Some of the highlights of the day included:
— Small group discussions in which students and faculty members shared their experiences in the project and discussed the Whitman they had found in their project location.
— A viewing, over lunch, of several videos created during the course of the project. These included:
Two Videos from Novi Sad
We watched two videos from students at the University of Novi Sad that deserve special mention. As Professor Karbiener noted, many Whitman poems have not yet been translated into Serbian. In her class, Prof. Karbiener chose to concentrate on the Calamus section of Leaves of Grass, which contains some of Whitman’s most sexual poems. This was a brave choice, given Whitman’s sexuality and a Serbian culture that is not always understanding of gay rights.
Even braver and more inspiring, Prof. Karbiener’s students chose to translate some of Whitman’s most openly sexual verse into Serbian for the first time. Here are two deeply moving films depicting readings and interpretations of those verses:
“to a stranger (Calamus 22)”
This film from Indira at the University of Novi Sad feels like a mashup of Godard, neorealist Italian film, and Whitman. It’s a stunning piece of work that gets to the heart of Whitman’s democratic vision by putting his most open words in the mouths of ordinary Serbian citizens as they go about their daily lives.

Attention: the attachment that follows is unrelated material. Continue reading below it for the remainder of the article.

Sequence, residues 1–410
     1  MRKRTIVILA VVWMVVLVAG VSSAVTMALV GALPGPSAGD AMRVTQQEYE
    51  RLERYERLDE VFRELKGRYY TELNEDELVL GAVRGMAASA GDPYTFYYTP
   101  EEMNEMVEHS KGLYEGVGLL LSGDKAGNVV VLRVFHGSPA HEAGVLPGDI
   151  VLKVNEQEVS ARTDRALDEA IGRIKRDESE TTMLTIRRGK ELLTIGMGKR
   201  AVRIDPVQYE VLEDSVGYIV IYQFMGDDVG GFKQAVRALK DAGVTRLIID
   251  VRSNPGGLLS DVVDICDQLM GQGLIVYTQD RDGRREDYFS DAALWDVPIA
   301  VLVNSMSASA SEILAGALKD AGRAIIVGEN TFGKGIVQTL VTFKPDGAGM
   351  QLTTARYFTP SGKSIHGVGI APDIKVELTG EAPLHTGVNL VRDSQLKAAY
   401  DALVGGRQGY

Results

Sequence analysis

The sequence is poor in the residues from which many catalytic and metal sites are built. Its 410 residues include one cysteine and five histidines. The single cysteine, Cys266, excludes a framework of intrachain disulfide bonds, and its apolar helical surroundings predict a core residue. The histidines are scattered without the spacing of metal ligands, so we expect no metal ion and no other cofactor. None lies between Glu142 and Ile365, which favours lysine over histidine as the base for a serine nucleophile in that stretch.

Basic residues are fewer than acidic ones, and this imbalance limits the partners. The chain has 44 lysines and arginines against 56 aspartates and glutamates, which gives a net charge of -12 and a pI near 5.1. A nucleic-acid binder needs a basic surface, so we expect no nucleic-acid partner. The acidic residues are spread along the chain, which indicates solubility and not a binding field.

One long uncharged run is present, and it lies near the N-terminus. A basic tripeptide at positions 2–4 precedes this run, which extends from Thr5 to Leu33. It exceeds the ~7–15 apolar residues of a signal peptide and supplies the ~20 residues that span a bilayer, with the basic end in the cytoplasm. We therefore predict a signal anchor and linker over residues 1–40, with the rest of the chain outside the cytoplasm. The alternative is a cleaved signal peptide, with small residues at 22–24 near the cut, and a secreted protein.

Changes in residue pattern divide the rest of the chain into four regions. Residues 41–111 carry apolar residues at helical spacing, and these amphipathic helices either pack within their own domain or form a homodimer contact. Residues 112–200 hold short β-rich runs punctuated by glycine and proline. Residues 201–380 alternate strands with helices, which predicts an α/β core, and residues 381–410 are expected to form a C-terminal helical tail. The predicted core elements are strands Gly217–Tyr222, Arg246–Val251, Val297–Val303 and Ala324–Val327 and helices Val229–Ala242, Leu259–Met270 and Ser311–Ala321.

“Walt Whitman, Calamus 9”
A powerful meditation on and translation of Whitman’s poem from Elma at the University of Novi Sad
Wonderful Videos From Other Campuses:
In Search of Wendall Slickman
A rollicking twenty-minute rock ‘n roll mockumentary by Sam P. of UMW about a figure named “Wendall Slickman,” a hybrid figure of Walt Whitman and Elvis Presley
Whitman, Commercialism, and the Digital Age. Will Whitman Survive?
Virginia S. of UMW created this beautiful cinepoem marked by a moving reading of Leaves of Grass playing over video footage of traveled roads, sweeping waves, and setting suns.
City of Ships
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A moving cinepoem that takes us through Whitman’s Camden and Philadelphia by Rutgers-Camden student Tara Wood. This video was highlighted in an article about the Looking for Whitman project.
City Tech students bring us Whitman’s New York by finding his presence in two busy hubs of the city Whitman loved:
Ermir finds Whitman In Times Square:
And Fabricio finds him in Grand Central:
To be sure, these videos are just a sample of the amazing student work completed during the Fall 2009 semester. In the coming weeks and months, the Looking for Whitman team will continue to unearth and organize riches from the project. Stay tuned, and thanks so much to all students involved in the project for their good work!